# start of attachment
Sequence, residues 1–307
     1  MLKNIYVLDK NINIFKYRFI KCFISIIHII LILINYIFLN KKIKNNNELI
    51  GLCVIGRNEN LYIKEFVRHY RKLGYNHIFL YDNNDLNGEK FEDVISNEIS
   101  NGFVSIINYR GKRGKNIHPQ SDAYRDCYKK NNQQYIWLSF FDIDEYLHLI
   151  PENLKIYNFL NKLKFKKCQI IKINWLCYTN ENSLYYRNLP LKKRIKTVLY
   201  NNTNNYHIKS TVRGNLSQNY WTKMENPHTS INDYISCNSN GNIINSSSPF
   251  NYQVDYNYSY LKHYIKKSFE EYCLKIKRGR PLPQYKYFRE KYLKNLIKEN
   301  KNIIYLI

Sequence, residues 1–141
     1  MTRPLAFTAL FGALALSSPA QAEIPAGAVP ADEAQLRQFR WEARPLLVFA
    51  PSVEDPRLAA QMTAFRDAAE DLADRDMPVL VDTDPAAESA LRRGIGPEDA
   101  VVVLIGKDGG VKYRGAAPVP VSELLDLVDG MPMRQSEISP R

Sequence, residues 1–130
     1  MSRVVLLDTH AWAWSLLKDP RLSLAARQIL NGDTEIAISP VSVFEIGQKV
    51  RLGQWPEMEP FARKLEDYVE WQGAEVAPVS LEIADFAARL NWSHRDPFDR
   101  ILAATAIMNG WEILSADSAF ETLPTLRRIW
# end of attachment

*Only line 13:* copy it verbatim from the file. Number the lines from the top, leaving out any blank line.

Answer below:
Sequence, residues 1–130